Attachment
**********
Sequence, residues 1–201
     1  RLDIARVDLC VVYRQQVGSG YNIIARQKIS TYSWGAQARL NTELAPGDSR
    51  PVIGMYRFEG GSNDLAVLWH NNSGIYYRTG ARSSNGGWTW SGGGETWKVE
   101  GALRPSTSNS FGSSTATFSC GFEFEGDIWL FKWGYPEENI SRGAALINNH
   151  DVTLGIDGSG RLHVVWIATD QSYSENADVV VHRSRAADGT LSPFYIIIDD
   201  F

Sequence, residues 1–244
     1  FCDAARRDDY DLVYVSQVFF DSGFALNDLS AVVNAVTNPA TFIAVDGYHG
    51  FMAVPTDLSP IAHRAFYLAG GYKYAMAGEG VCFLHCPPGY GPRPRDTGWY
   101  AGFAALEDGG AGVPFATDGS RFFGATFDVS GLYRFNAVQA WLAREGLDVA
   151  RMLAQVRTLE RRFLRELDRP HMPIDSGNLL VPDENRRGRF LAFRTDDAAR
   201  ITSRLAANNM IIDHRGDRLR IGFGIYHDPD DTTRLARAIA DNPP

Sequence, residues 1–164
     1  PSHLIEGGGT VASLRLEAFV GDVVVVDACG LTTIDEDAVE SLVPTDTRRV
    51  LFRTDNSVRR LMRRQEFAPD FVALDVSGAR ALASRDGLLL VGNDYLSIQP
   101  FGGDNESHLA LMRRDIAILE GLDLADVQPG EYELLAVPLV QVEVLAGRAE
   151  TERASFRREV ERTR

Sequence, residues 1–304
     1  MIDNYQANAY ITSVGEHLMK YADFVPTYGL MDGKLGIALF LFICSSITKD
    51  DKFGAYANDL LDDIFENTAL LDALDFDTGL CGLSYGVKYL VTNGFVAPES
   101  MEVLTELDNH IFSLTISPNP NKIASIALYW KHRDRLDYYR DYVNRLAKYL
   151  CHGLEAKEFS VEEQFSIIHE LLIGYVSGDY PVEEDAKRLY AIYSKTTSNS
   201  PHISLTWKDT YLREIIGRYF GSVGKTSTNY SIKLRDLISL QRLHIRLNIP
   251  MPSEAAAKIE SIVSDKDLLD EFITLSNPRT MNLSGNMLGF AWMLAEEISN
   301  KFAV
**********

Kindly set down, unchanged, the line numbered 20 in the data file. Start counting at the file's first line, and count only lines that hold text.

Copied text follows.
    51  DKFGAYANDL LDDIFENTAL LDALDFDTGL CGLSYGVKYL VTNGFVAPES